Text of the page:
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Cedric Rupert Vaughan Edgar (1901–1967)

by R. Sutton

This article was published:

Cedric Rupert Vaughan Edgar (1901-1967), by unknown photographer

Cedric Rupert Vaughan Edgar (1901-1967), by unknown photographer

Australian War Memorial, 022781

Cedric Rupert Vaughan Edgar (1901-1967), soldier and bank manager, was born on 9 July 1901 at Wedderburn, Victoria, son of native-born parents Thomas George Edgar, farm-manager, and his second wife Bessie, née Trotman. In 1918 Cedric joined the Commonwealth Bank of Australia in Melbourne. Having served in the senior cadets, he enlisted in the Australian Field Artillery, Militia, and was commissioned on 10 April 1922. Over the next seventeen years he held regimental and staff posts—in the infantry as well as the artillery—and rose to major. Meanwhile, pursuing his career with the bank, he worked at Hamilton (1924), Tamworth, New South Wales (1928), and in Sydney (1934). At the Presbyterian Church, St Kilda, Melbourne, on 6 September 1930 he married a saleswoman Ruby Pearl Haworth.

On 13 October 1939 Edgar was appointed major in the Australian Imperial Force and posted to the 2nd/2nd Battalion. The unit sailed for the Middle East in January 1940 and trained in Palestine. As officer commanding the Headquarter Company, Edgar acted firmly to quell a threatened strike by the battalion's cooks. He was second-in-command in January 1941 when the 2nd/2nd took part in successful attacks on Bardia and Tobruk, Libya. In March the battalion was sent to Greece. After the delaying action at Piniós Gorge on 18 April, next morning Edgar established a 'straggler post' south of Lamia, collected over three hundred men from the 2nd/2nd and escorted them to the port of Kalámai (Kalamáta) whence they sailed for Egypt.

Returning to Palestine, from June he re-formed the depleted 2nd/1st Battalion. By October the 2nd/2nd was helping to fortify Qatana, Syria; Edgar was promoted lieutenant colonel and assumed command on 16 November. Leaving the Middle East in February 1942, he and his men spent nearly four months in Ceylon (Sri Lanka) preparing defences against a possible Japanese landing; the battalion eventually reached Australia in August.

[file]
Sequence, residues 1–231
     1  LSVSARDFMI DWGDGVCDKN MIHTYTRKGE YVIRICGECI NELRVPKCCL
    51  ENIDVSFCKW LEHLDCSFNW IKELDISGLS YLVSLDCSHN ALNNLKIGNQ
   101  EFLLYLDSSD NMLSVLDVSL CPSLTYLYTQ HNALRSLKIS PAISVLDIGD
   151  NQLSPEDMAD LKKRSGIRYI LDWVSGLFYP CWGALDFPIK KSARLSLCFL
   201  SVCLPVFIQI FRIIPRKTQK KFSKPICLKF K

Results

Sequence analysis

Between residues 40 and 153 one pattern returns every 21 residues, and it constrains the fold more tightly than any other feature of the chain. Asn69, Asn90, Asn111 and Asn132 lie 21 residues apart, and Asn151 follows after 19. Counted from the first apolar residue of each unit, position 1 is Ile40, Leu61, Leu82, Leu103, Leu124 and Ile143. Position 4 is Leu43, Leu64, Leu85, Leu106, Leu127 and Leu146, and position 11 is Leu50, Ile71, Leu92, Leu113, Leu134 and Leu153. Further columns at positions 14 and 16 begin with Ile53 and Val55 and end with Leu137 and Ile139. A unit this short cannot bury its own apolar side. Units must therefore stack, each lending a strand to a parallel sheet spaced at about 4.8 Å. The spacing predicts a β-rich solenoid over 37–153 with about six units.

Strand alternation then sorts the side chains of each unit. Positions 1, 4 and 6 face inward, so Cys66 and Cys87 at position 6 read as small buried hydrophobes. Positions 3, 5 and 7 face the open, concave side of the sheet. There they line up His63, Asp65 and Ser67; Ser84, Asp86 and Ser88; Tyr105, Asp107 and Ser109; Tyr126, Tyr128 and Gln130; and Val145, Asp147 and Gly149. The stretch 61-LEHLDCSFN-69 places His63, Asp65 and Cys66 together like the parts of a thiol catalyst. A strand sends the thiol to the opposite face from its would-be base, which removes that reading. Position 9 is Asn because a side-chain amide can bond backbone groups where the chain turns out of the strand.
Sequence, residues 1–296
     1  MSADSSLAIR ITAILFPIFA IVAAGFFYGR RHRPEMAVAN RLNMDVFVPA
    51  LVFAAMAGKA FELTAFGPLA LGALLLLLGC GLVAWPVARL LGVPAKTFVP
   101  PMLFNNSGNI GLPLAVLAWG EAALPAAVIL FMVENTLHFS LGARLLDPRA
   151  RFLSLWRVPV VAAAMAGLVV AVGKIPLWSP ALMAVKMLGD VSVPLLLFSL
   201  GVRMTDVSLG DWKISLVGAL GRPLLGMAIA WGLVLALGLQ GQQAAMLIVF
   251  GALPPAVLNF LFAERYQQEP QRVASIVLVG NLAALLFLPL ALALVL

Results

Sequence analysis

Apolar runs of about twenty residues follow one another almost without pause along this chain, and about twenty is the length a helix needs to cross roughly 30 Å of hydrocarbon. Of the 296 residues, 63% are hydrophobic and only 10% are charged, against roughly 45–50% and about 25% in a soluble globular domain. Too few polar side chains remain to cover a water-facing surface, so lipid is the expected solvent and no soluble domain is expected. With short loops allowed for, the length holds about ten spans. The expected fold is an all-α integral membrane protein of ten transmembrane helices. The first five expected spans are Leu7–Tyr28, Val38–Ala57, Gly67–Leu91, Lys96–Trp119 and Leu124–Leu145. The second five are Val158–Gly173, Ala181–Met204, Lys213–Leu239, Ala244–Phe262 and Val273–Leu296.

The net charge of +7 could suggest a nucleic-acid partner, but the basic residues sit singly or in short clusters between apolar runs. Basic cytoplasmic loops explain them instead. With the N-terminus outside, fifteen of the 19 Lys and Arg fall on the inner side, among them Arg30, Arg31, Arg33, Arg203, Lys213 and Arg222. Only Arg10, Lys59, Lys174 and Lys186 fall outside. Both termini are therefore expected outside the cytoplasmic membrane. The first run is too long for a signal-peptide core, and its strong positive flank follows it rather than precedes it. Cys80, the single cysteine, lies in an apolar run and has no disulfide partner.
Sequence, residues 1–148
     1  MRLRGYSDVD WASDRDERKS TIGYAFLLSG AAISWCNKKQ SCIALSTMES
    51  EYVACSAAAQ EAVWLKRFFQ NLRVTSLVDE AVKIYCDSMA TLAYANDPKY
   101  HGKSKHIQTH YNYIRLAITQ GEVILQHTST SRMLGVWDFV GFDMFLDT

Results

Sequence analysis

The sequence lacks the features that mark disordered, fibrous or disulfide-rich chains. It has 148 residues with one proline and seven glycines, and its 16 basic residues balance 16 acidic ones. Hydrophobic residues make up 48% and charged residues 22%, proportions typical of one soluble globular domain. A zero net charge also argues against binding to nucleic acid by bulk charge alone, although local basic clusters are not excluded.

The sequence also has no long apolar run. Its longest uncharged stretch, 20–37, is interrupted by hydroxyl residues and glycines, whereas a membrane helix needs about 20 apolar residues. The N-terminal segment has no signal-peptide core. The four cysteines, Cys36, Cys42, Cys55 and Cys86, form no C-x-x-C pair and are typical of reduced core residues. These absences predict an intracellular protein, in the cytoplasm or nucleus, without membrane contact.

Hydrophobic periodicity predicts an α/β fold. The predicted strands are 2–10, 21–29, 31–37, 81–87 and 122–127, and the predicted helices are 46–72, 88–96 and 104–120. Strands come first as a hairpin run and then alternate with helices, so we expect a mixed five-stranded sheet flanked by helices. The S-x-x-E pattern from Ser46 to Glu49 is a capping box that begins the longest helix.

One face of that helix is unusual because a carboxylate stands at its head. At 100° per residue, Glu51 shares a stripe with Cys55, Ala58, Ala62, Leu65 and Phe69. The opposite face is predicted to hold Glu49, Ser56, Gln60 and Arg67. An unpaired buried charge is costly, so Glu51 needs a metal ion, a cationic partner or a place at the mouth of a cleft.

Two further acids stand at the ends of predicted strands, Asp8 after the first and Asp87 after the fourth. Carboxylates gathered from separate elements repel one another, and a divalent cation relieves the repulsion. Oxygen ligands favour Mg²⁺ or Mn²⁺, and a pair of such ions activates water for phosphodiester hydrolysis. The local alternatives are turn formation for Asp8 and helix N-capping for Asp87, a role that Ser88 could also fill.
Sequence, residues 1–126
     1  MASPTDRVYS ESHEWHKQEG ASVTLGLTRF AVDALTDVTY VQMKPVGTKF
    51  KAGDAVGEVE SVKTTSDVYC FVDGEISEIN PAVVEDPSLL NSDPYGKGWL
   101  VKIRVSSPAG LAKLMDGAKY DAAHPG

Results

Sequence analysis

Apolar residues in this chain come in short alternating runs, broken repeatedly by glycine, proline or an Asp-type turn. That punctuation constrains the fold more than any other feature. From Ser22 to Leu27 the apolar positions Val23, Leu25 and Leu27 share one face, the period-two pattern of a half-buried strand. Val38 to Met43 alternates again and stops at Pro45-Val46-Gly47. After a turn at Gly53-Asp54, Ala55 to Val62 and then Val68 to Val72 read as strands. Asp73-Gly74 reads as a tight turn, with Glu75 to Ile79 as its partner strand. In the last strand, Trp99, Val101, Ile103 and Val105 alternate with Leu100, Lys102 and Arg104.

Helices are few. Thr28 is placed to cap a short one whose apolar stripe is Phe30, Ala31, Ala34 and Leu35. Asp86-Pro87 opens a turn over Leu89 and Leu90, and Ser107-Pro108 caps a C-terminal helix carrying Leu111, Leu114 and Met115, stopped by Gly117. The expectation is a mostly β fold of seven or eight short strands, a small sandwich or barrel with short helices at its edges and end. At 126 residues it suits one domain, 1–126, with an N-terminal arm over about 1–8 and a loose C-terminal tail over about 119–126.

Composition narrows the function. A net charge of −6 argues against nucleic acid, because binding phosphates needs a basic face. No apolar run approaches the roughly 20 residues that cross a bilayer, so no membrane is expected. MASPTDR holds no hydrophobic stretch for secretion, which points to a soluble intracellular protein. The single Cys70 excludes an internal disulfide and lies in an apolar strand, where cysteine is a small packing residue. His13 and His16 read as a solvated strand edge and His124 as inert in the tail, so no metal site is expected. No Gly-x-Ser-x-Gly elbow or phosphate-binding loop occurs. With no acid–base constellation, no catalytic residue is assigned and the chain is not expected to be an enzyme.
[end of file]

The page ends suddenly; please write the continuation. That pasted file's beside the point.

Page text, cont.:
In September the 2nd/2nd embarked for Port Moresby and in the following month fought at Templeton's Crossing and Eora Creek. At Oivi, in November, Edgar pioneered the tactic of immediate company (as opposed to platoon) deployment on contact with the enemy. Suffering from malaria, he was hospitalized on 11 November. By the time he resumed the leadership in December, the battalion had been relieved on the Sanananda Track and he returned to Australia in January 1943. For his part in the Papuan campaign he was awarded the Distinguished Service Order.

Promoted temporary brigadier on 16 June 1943, he assumed command that month of the 4th (Militia) Brigade at Milne Bay, Papua. The brigade moved to New Guinea and in December advanced north from Finschhafen, destroying the Japanese rearguard and capturing Fortification Point. After leave in Australia, in January 1945 the 4th was sent to New Britain where it was involved in operations from April to August. In December Edgar took over the 13th Brigade. Back home in January 1946, he transferred to the Reserve of Officers on 3 July as honorary brigadier. He was twice mentioned in dispatches, and appointed C.B.E. in 1947.

'Boss' Edgar was 5 ft 11 ins (180 cm) tall, with a fair complexion, blue eyes, brown hair, a commanding presence and a reputation for his colourful language. His military knowledge, experience, understanding of the enemy, appreciation of terrain, and balanced judgement were noteworthy. He planned in detail and successfully undertook aggressive and innovative operations. 'Magnificently loyal', calm and cheerful, he was highly regarded by his officers and men.

On 6 August 1946 Edgar had resumed his civilian career as the bank's relieving manager in Sydney; he was appointed manager at Yass (1948), Sale, Victoria (1950), and Summer Hill, Sydney (1957); he retired on 3 January 1964. Survived by his wife and two daughters, he died of myocardial infarction on 2 September 1967 at the Repatriation General Hospital, Concord, and was cremated with Anglican rites. Lieutenant General Hector Geoffrey Edgar (1903-1978) was his brother.

Select Bibliography

  • A. J. Marshall (ed), Nulli Secundus Log (Syd, 1946)
  • G. Long, Greece, Crete and Syria (Canb, 1953)
  • D. McCarthy, South-West Pacific Area—First Year (Canb, 1959)
  • D. Dexter, The New Guinea Offensives (Canb, 1961)
  • S. Wick, Purple Over Green (Syd, 1977)
  • E. C. Givney (ed), The First At War (Syd, 1987)
  • Sydney Morning Herald, 4 Sept 1967
  • war diaries, 2nd/1st and 2nd/2nd Australian Infantry Battalions, AIF, and Headquarters 4th and 13th Aust Infantry Brigades (Australian War Memorial)
  • Commonwealth Bank of Australia (Sydney) records
  • private information.

Citation details

R. Sutton, 'Edgar, Cedric Rupert Vaughan (1901–1967)', Australian Dictionary of Biography, National Centre of Biography, Australian National University,, published first in hardcopy 1996, accessed online 22 May 2024.

This article was published in hardcopy in Australian Dictionary of Biography, Volume 14, (Melbourne University Press), 1996

View the front pages for Volume 14

© Copyright Australian Dictionary of Biography, 2006-2024

Cedric Rupert Vaughan Edgar (1901-1967), by unknown photographer

Cedric Rupert Vaughan Edgar (1901-1967), by unknown photographer

Australian War Memorial, 022781

Life Summary [details]


9 July, 1901
Wedderburn, Victoria, Australia


2 September, 1967 (aged 66)
Concord, Sydney, New South Wales, Australia

Religious Influence

Includes the religion in which subjects were raised, have chosen themselves, attendance at religious schools and/or religious funeral rites; Atheism and Agnosticism have been included.